Harvard knew that in order to beat Princeton for the first time in 11 tries, it would need someone to step up at the right time.
Junior forward Matt Stehle did just that. Then he fell down.
With the Crimson (8-11, 3-3 Ivy) up 52-50 with 1:48 remaining and the ball in the Tigers’ possession, Stehle took the biggest charge of his career. It was all part of his plan.
“I’ve taken maybe one charge in my entire career, so it was complete luck. I just happened to be in the right place at the right time,” Stehle said afterwards. “[Will] Venable just came at me and...I just kind of flopped and thank God they gave me the call.”
The charge was the biggest play in what was the biggest game of Harvard’s season to date. It came on the heels of an 8-2 spurt that brought the Crimson back from its biggest deficit of the second half, and it negated what would have been a crucial game-tying basket for the Princeton (10-8, 1-3 Ivy).
The Tigers were unable to claw back during the game’s closing moments, trailing by at least a basket the rest of the way en route to a 61-57 defeat.
The charge wasn’t Stehle’s only clutch contribution. He came in as a 71.4 percent foul shooter—good for eighth in the Ancient Eight—and did not disappoint down the stretch. He converted all four of his attempts from the charity stripe in the final 45 seconds, helping keep the Tigers at bay.
TEAR DOWN THAT WALL-ACE
Preseason Ivy League player of the year Judson Wallace was questionable for the Tigers this weekend, having missed most of practice during the week with a bad back. He played only 17 minutes in Princeton’s 50-42 loss to Dartmouth Friday night and according to Coach Joe Scott, he was a game-time decision for the contest in Cambridge.
“Today I had to ask him, ‘Are you going to be able to go tonight?’ And he wasn’t sure.”
After posting only seven points and two boards against the Big Green, he led all scorers with 23 Saturday night, lighting up the Crimson from inside and out on 9-of-15 shooting.
He was especially effective after the intermission, notching 14 points in 17 minutes.
DOING THE LITTLE THINGS
After the game, Joe Scott’s message was clear.
“The game came down to the little things, and we didn’t do the little things well and they did,” Scott said. “We’re playing in bad luck right now, and I think there’s only one way to get yourself out of that bad luck, and that’s to do the little things.”
There were several little things to which Scott could have been referring.
The Crimson came into the weekend with Ivy’s top two rebounders in junior center Brian Cusworth and Stehle, 9.8 and 8.4 per game, respectively, and the league’s number two rebounding offense.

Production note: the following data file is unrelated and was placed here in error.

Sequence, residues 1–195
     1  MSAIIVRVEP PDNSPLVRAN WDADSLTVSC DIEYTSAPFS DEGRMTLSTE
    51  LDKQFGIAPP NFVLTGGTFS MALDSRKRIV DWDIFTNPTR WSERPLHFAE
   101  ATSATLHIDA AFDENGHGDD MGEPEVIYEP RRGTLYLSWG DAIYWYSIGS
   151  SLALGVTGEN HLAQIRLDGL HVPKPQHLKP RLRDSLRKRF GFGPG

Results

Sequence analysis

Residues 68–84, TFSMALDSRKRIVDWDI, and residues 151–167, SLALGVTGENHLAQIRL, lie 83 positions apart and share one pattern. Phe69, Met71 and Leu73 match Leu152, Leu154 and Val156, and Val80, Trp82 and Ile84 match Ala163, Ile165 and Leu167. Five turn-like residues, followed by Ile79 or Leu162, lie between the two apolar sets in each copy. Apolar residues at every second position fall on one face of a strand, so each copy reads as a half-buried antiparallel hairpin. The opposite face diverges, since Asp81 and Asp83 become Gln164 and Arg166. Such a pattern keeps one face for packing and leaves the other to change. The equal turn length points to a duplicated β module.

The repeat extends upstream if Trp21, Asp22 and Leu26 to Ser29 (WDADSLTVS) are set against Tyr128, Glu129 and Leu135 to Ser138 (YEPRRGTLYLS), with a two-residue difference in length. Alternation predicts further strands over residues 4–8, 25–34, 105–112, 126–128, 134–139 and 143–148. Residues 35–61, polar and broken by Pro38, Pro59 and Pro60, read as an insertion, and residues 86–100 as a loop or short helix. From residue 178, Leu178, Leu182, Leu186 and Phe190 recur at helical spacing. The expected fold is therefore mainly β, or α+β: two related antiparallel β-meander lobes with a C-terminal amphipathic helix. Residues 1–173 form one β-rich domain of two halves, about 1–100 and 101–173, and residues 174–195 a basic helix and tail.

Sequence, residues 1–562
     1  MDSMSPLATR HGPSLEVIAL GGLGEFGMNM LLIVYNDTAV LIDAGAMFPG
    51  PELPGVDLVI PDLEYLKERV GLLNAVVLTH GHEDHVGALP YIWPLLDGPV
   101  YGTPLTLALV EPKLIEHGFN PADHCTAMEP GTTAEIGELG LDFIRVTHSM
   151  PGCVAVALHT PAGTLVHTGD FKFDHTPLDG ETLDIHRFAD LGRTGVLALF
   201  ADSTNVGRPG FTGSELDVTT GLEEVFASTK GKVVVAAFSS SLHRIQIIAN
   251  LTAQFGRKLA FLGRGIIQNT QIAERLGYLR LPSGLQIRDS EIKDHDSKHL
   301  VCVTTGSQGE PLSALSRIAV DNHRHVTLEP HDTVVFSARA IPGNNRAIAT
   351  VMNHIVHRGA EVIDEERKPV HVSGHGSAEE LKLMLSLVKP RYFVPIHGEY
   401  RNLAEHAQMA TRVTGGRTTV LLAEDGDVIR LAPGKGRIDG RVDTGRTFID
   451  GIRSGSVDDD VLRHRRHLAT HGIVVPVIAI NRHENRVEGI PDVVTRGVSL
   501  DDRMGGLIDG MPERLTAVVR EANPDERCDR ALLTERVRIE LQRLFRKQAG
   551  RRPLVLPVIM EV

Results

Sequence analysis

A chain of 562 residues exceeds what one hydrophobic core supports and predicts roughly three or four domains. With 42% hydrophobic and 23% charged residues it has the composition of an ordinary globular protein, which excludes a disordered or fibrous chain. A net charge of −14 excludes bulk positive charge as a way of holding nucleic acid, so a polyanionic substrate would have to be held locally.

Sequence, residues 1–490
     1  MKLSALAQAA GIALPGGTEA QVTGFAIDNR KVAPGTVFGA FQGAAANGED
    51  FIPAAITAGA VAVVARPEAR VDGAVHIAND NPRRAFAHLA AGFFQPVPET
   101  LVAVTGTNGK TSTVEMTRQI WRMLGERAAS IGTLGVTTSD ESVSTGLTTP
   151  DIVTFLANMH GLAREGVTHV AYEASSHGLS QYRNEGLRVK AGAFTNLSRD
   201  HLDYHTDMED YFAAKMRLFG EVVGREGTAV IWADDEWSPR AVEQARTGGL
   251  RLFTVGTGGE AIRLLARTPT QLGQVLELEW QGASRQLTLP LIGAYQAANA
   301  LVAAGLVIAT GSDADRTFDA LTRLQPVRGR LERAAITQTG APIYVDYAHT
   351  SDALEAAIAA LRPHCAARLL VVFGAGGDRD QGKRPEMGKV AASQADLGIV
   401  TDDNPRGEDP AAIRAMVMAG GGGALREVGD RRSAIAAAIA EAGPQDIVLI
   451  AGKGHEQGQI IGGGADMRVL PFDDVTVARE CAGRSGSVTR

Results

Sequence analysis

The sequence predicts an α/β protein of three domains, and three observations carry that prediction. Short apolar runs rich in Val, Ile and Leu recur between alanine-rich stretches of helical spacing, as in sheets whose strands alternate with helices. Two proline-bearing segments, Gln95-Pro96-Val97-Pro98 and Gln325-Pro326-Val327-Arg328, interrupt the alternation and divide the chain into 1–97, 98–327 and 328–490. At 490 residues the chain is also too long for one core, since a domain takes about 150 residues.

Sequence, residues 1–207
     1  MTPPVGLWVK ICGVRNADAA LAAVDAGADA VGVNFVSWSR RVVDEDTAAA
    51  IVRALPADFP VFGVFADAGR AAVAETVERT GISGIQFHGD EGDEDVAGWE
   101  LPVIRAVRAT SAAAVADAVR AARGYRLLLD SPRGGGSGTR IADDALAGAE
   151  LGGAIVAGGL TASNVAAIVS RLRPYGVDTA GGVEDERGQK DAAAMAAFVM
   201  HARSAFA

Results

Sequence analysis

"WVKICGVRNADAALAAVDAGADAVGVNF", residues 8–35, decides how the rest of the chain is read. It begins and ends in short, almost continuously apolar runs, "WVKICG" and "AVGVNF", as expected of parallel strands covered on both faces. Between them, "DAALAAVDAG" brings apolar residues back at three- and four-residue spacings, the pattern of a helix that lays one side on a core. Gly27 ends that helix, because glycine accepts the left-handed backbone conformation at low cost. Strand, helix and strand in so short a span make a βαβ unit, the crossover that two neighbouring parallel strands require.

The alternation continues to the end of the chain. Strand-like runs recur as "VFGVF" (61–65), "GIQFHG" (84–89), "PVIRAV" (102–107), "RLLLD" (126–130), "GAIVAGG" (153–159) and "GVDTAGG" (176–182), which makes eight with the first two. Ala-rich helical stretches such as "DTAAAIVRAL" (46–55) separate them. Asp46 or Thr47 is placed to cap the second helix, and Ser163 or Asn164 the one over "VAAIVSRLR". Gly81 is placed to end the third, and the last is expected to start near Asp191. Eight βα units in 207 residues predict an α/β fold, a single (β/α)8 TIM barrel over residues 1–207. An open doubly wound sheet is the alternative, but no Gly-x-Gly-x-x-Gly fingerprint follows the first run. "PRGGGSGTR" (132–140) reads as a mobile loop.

The Tigers, on the other hand, came in dead last on both the offensive and defensive glass, and it showed.
“There are rebounds that are there to be had, and when they’re there to be had, you have to get them. That’s winning. That’s winning basketball,” Scott said.
Princeton grabbed only 17 rebounds—to Harvard’s 29—and gave up nine crucial second-chance points in the second half. The Crimson’s final put back—a Brian Cusworth layup off a feed by senior point guard David Giovacchini that put the Crimson up 54-50 with 1:05 to play—gave it some breathing room for the first time since the opening minute of the half.
Another enormous little thing for the Crimson was its foul shooting. After converting only 11 of its first 18 attempts from the line, the squad hit eight of its final nine to seal the victory, including the four from Stehle and 3-of-4 by sophomore guard Jim Goffredo.
Princeton, which came into the game atop the Ivies and ninth in the nation with a 76-percent success rate from the line, hit only 7-of-13. Scott Greenman, the Tigers’ junior guard who buried the Crimson with clutch three-pointers in both tilts last year, missed all three of his foul shots, including a pair that could have given Princeton the lead with 3:05 to play.
Finally, turnovers—which had been Harvard’s Achilles heel in close games earlier this year—were not a game-breaker for the Crimson. The team gave the ball away only 14 times, five less than their average number coming in.
“[Turnovers were] critical to the success in today’s game,” Giovacchini said. “We took care of the ball when we needed to.”
POINTS IN THE PAINT
Giovacchini led the Crimson in assists again, this time dishing out six helpers. He is second in the Ivies with 4.3 assists per game...Kevin Rogus got off 12 threes, converting on five of them, despite Scott’s claim that his team “[was not] supposed to let Rogus get off one three-point shot.”...Seventy-eight percent (95-of-122) of Greenman’s field goal attempts this year have been from long range, including five of six Saturday night...Rogus, who led the team with 17 points, has attempted 121 of his 146 field goals from downtown—a clip of 83 percent—including 12-of-14 against the Tigers...Princeton opened 1-3 in conference play for the first time since 1994-1995 and got swept on its trip to Hanover and Cambridge for the first time since 1983-1984. It finished both seasons 10-4...The Crimson improved to 6-0 when leading at the break. It is 2-11 when trailing...Harvard came in to the game 0-10 when scoring fewer than 67 points.
—Staff writer Gregory B. Michnikov can be reached at firstname.lastname@example.org.